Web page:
Social media has been high in the news this week in several ways that affect us as writers. But there is one story that stands out. And that’s Twitter. It’s finally getting an edit button, and no one will be more pleased than our own Tim Lewis. I only half jest. Twitter is getting an edit button. Tim will be very pleased indeed. Though the rest of us will lament the loss of his squirrels from our timelines. 

The big news of course is that Elon Musk wants to buy Twitter. For a cool $43bn. There’s no deal done. Indeed, Twitter has responded with a “poison pill” strategy – effectively making it really easy for people who have a few shares in the company to buy more, at a discount. And making it really hard for people who have a lot of shares to buy more. In essence, it’s a move to try and stop Musk taking over.

But what does this mean for us? Twitter is one of the big places where writers get together. It’s where we have our chats, where we meet fellow writers from across the world, and possibly where some of us meet readers. For indie writers, Twitter is a key part of life. Musk has made it clear that he wants a platform that is fully committed to free speech. Of course that worthy-sounding ambition has become a somewhat loaded statement recently. So we can expect certain aspects of Twitter culture to shift. But the other thing about Musk is that he loves crypto. He has famously pumped Bitcoin, not to mention the joke cryptocurrency Dogecoin. Twitter is already starting to move towards NFTs. If Musk takes over, expect that to be the start of a very large wave.

Print: Still Suffering Supply Chain Woes Even as Sales Steady

Print has had a rollercoaster ride through the last couple of years. And two stories this week exemplify that perfectly. Print sales have fluctuated quite a lot. But they have stayed fairly resilient. And that trend has continued. Sales in the US are 16% up on 2020 for the first quarter of the year. And the past week has seen healthy sales with a little help from Easter shopping.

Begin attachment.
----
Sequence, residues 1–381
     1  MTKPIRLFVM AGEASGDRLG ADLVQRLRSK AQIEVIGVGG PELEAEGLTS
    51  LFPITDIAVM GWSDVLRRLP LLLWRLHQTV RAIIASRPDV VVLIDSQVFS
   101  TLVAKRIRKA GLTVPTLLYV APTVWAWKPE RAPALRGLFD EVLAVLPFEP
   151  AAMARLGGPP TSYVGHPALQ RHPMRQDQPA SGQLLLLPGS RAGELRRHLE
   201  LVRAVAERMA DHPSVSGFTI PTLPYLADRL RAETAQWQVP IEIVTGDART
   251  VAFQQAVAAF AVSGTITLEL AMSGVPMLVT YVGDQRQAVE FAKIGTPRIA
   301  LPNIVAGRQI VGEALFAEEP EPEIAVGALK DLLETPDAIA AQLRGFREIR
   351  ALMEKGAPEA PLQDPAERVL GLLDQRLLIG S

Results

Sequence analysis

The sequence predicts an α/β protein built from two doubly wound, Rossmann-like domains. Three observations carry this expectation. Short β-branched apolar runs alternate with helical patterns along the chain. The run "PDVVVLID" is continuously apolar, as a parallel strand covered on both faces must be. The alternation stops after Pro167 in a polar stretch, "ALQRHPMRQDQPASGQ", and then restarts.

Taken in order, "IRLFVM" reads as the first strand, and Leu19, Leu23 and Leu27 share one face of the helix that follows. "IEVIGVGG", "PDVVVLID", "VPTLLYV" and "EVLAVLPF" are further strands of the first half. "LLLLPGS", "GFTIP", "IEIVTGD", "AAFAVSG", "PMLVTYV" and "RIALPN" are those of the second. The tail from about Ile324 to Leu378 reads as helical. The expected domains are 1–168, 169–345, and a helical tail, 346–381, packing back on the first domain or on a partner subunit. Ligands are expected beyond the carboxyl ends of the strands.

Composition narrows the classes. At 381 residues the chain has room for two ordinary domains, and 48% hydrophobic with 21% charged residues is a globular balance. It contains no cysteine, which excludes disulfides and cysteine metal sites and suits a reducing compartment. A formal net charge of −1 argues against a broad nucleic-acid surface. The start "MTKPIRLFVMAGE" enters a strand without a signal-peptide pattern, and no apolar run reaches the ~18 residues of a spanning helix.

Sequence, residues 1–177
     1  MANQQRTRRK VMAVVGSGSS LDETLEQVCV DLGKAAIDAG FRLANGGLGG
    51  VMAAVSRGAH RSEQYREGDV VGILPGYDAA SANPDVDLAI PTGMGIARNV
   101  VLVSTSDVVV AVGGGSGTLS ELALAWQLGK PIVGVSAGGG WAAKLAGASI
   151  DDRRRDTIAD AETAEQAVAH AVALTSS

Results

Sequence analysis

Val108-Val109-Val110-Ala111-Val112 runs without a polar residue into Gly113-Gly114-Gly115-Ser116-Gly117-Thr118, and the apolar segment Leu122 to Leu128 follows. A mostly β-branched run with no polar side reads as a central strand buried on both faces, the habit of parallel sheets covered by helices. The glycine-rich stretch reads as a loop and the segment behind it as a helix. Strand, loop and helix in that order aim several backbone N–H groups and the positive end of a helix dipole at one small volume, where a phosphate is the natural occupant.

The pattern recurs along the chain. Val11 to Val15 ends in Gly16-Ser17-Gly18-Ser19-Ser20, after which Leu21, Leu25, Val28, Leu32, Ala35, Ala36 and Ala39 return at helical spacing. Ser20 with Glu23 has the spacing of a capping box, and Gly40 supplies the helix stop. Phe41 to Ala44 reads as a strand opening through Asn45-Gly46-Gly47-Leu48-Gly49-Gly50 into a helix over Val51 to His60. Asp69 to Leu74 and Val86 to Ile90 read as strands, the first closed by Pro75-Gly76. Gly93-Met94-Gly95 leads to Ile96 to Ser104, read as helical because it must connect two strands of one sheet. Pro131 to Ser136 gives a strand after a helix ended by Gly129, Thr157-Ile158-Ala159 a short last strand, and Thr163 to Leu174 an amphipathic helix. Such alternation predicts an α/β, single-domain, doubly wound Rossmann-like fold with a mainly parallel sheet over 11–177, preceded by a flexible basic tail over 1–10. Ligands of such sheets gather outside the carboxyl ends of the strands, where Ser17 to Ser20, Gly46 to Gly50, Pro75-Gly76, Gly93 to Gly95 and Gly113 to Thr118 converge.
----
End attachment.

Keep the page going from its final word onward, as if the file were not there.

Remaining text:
But print has also been under fire. In part, this has been a result of the frankly woeful state of the industry’s carbon footprint. But there have also been difficulties with the supply chain. Indeed, these two issues stem from a similar place – the fact that many publishers rely on large print runs (including many copies that will probably be pulped) printed on the other side of the world. Thanks to Nate Hofelder's excellent Monday morning newsletter for pointing me to a story that shows shipping woes are still beleaguering the industry. It seems the entire 10,000 copy print run of Jordan Crane's graphic novel Keeping Two is stranded. And not just that. The books languish on board the ironically-named Ever Forward, sister ship of the infamous Ever Given.

Lawmakers Give up on Ebook Lending Legislation

Maryland’s lawmakers have also been in the news. The state hit the headlines with its proposed ebook lending legislation. This would have required publishers not to simply pluck a large sum of money and a small amount of time  out of the air when they sold licenses for their ebooks to libraries. Instead, publishers would have had to offer libraries reasonable terms. The Association of American Publishers appealed. And the courts ruled that the law would force publishers’ hands in an unjustified way. Maryland’s legislature is not bringing new evidence against that appeal. Which means that the act will never make it into law.

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Author: Dan Holloway

Dan Holloway is a novelist, poet and spoken word artist. He is the MC of the performance arts show The New Libertines, which has appeared at festivals and fringes from Manchester to Stoke Newington. In 2010 he was the winner of the 100th episode of the international spoken prose event Literary Death Match, and earlier this year he competed at the National Poetry Slam final at the Royal Albert Hall. His latest collection, The Transparency of Sutures, is available for Kindle at http://www.amazon.co.uk/Transparency-Sutures-Dan-Holloway-ebook/dp/B01A6YAA40